Friday, June 4, 2010

Zucchini, the Kitchen Garden's Overachiever

Zucchini: the vegetable kingdom's answer to bratwurst.

There's a reason why you don't see much zucchini in the grocery's produce section. Those green sausages don't keep very well: and one gardening enthusiast can keep an entire neighborhood supplied for the summer.

I found out more than I planned to, about zucchini, doing research for Heather Fisk. Most of us know zucchini as something that the neighbor brings in a basket. Along with an apologetic 'could you take some of these?'

Zucchini started out in Central and South America, was brought as an exotic food to Europe, and took root in Italy. Our zucchini is a descendant of those transplanted Italian plants.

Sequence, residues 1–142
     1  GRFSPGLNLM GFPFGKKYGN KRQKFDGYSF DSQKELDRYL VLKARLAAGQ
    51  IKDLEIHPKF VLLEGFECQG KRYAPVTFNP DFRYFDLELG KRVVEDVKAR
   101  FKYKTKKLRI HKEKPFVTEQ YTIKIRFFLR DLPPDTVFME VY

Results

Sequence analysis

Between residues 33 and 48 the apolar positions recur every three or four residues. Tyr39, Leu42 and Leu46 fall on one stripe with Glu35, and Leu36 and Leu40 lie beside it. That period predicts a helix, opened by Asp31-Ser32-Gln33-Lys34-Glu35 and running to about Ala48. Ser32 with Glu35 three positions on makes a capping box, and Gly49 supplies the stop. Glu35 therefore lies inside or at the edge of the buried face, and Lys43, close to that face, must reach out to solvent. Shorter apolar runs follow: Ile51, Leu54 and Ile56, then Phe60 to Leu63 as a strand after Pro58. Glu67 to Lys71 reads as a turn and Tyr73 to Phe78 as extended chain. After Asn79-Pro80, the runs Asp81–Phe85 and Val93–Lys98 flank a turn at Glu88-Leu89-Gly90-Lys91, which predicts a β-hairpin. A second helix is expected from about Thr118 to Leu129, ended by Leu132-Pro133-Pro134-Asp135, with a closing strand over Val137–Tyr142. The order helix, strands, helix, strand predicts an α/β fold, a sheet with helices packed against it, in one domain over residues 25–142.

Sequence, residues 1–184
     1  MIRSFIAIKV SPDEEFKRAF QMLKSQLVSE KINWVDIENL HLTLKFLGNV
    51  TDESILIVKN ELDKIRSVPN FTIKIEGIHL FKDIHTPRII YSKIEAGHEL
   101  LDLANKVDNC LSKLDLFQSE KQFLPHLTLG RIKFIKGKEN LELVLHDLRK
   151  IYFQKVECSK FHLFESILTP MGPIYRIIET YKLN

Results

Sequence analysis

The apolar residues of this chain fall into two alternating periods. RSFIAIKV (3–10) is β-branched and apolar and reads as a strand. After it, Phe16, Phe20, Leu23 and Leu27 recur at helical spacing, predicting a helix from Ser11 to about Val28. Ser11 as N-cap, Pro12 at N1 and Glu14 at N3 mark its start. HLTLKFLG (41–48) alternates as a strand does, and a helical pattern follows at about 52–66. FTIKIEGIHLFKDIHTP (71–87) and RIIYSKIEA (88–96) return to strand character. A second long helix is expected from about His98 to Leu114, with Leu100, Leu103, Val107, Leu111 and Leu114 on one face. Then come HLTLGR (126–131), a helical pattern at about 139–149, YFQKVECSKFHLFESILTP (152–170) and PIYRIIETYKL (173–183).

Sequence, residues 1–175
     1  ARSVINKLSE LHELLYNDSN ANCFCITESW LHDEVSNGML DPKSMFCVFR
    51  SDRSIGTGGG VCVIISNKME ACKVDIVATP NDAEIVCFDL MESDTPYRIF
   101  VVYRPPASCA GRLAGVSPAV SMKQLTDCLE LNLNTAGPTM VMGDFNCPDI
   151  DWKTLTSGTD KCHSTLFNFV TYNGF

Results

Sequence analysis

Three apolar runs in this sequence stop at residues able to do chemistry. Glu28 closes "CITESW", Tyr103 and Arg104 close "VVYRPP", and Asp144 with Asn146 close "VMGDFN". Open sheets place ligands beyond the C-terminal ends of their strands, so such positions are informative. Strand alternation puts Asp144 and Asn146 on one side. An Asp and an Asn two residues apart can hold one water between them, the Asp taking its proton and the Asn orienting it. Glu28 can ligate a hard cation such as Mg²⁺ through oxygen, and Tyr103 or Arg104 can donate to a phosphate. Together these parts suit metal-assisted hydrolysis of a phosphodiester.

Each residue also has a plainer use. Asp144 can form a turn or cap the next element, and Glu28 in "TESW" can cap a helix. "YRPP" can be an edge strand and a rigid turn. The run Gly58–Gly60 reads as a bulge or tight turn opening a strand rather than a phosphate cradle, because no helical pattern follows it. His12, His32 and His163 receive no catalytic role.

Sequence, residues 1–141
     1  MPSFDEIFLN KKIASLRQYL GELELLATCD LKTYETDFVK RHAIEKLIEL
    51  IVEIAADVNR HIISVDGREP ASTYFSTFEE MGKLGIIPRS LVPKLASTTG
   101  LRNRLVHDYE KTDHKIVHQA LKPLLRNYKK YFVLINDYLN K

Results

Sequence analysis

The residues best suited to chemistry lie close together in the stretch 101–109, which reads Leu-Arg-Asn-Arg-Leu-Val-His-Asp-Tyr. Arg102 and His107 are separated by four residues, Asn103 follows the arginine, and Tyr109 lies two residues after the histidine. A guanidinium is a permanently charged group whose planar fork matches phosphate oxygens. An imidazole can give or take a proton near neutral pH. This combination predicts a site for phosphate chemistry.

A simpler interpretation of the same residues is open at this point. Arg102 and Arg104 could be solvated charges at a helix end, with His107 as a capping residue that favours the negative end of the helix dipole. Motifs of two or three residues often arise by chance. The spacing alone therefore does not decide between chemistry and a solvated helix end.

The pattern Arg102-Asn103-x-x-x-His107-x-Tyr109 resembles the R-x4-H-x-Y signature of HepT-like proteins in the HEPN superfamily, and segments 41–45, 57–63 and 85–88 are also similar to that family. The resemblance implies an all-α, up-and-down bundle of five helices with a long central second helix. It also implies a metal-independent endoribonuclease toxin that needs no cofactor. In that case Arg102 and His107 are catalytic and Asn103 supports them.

Zucchini is called courgette in French: and so is some yellow thing that's sort of like zucchini. They're now part of French cuisine. Which is like food, only more expensive.

Perhaps mercifully, zucchini is a relatively delicate plant. Frost can kill it, although the survivors generally produce more of those long green things. A zucchini can be two feet long and six inches across. The smaller ones taste better, though.

Don't misunderstand me: I like zucchini. And, thanks to the generosity of my neighbors, I've had opportunities to try most of the hundreds of zucchini recipes. Like blueberry zucchini bread, zucchini relish and zucchini pumpkin bread.

Which reminds me. Zucchinis can be crossed with pumpkins. Stan Parks is growing what he assures me is a small crop of the things. I'll probably see the first in a couple months.

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